Simplicity – getting our priorities right

We often say that Francis lived a “simple” life. It was simple in terms of material things, houses and clothing, but there was also an interior quality of simplicity that Francis saw as a virtue, a virtue which “being content with its God, considers everything else as of little value … It seeks not the bark but the pith, not the shell but the kernel.” (2 Celano 189)

As people got to know Francis, that very simple man, how did they see him and what did they expect?

They expected his life to match his preaching. There could be no inconsistency between the message he proclaimed and the values he lived.

They expected Francis to be down to earth, in touch with reality, at home with God, with himself, with those around him. They didn’t want pretence, they wanted sincerity and truth. And they wanted him to be dependable and approachable, not giving himself airs of importance.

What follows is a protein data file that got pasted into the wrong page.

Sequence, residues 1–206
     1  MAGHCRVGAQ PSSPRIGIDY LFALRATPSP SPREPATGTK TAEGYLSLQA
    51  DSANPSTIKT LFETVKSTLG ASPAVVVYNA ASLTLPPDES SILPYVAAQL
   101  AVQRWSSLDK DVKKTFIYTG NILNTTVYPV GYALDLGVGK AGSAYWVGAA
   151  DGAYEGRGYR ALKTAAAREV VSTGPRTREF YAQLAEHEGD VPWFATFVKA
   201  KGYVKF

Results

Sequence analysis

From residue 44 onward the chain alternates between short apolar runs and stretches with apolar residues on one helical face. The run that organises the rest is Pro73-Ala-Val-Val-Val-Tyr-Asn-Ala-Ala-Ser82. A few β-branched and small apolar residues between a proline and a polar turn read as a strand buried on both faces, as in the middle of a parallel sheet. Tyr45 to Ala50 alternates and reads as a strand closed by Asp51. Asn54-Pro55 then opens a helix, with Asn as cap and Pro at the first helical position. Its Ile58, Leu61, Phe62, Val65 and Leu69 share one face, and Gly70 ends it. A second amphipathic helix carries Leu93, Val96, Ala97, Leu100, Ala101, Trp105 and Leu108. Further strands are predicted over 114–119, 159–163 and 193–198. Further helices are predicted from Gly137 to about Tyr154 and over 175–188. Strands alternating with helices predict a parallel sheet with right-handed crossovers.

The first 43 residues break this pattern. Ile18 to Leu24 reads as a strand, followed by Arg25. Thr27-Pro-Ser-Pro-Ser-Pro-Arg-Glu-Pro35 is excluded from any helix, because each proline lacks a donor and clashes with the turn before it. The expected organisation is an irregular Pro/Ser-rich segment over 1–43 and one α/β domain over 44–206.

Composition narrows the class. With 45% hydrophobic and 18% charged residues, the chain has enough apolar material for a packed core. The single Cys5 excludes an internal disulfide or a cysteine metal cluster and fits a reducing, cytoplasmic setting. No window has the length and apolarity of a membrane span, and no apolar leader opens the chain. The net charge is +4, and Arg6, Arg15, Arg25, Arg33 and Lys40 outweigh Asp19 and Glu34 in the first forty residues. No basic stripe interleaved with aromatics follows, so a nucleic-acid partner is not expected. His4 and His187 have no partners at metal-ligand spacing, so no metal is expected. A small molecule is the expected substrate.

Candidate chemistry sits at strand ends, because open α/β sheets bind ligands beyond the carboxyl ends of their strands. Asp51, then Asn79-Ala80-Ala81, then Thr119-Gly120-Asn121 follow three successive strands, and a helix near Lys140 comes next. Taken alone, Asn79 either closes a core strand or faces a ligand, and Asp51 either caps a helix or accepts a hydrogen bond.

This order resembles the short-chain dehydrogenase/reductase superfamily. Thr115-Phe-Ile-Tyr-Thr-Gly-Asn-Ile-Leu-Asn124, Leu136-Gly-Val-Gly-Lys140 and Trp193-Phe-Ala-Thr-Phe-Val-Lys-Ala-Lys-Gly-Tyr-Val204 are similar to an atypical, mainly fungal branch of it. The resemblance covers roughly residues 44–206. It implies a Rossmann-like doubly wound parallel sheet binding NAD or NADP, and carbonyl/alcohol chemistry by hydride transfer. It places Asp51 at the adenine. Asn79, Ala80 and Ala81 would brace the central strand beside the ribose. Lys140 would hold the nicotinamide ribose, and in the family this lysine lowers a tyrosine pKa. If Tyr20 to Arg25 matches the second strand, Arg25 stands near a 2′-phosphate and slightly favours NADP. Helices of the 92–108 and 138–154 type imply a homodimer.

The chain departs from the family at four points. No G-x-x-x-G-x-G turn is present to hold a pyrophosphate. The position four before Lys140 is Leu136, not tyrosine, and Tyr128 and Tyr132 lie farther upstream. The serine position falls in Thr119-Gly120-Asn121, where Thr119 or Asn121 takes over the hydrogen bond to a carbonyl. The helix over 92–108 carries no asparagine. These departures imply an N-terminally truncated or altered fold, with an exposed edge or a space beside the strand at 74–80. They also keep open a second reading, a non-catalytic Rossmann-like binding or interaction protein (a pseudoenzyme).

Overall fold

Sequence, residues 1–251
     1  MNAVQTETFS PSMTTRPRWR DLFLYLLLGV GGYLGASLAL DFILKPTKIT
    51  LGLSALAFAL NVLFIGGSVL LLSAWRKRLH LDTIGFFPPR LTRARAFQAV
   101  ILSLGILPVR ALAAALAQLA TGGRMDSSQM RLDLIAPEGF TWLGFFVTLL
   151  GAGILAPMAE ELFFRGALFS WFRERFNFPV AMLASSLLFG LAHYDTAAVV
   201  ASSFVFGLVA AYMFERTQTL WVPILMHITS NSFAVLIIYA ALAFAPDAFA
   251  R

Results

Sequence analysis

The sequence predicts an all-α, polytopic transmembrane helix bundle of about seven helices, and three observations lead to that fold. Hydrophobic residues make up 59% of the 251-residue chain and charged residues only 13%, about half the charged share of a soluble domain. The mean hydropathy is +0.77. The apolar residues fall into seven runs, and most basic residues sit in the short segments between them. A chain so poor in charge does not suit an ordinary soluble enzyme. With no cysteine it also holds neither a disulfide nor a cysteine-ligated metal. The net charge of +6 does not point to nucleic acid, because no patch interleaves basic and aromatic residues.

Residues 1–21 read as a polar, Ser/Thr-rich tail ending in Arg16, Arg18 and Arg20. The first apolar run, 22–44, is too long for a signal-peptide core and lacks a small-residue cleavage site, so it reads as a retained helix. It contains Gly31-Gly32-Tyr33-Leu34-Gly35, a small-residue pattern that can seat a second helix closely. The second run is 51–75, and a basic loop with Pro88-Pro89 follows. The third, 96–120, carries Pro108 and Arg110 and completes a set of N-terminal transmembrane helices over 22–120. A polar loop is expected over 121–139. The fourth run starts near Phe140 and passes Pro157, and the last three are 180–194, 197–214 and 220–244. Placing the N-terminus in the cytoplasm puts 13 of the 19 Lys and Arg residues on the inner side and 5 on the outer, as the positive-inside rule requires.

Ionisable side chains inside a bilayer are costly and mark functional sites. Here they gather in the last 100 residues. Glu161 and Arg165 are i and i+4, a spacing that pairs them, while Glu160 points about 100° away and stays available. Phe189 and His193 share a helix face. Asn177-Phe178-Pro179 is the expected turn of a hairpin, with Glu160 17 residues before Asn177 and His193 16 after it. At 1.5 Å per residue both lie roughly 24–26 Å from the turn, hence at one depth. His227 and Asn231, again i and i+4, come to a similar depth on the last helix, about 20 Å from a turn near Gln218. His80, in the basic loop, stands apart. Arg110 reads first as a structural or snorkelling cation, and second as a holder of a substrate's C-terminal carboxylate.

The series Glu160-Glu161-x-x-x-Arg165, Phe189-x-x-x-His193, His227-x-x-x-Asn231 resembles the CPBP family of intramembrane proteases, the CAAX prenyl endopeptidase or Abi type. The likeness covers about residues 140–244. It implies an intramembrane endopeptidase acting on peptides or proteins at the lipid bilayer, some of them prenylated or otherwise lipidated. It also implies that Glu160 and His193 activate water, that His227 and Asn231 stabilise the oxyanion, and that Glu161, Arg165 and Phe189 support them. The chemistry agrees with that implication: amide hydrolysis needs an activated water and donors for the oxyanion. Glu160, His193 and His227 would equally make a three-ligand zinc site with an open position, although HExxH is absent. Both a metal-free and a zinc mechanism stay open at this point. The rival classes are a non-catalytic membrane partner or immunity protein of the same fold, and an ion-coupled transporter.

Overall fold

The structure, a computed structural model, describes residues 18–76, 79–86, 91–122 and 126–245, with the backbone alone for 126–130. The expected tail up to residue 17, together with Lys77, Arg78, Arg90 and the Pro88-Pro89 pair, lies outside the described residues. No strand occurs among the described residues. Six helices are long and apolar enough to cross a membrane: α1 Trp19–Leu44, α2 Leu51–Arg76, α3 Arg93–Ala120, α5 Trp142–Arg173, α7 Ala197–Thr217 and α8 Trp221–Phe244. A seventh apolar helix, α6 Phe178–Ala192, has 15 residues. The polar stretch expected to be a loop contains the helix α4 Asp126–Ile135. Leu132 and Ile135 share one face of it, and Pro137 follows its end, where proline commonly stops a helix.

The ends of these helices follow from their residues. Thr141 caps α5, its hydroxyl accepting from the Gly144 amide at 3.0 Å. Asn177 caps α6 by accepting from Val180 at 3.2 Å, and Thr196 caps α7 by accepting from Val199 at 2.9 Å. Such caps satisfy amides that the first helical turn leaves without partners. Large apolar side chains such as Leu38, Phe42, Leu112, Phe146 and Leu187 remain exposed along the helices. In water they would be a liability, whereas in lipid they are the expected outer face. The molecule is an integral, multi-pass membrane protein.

They expected Francis to see life in right perspective, and not to exaggerate less important things above more important things. Francis had his priorities right! And he had the wisdom to go to the heart of things.

These qualities are all part of what we recognise as simplicity. Perhaps this is what Francis meant when he called his followers to

“strive as best they can to serve, love, honour and adore the Lord God with single heartedness and purity of intention.”
(Francis’ First Rule; also Admonition XVI)

Like most virtues, simplicity can be seen as a state of balance, sometimes of tension, between two extremes. The extremes to be avoided here are an unthinking naivety on the one hand, and on the other, the sophisticated intellectualism which closes the heart.

In his “Praises of the Virtues” Francis referred to simplicity as the “sister of wisdom”. As we seek the simplicity that belongs to our Franciscan way of life, we pray that true wisdom will be ours also.